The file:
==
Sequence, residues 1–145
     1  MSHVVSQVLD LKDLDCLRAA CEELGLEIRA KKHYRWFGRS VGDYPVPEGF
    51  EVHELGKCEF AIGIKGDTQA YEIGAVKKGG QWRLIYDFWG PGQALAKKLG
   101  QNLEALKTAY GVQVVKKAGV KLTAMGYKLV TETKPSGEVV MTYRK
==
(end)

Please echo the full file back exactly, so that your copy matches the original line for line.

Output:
Sequence, residues 1–145
     1  MSHVVSQVLD LKDLDCLRAA CEELGLEIRA KKHYRWFGRS VGDYPVPEGF
    51  EVHELGKCEF AIGIKGDTQA YEIGAVKKGG QWRLIYDFWG PGQALAKKLG
   101  QNLEALKTAY GVQVVKKAGV KLTAMGYKLV TETKPSGEVV MTYRK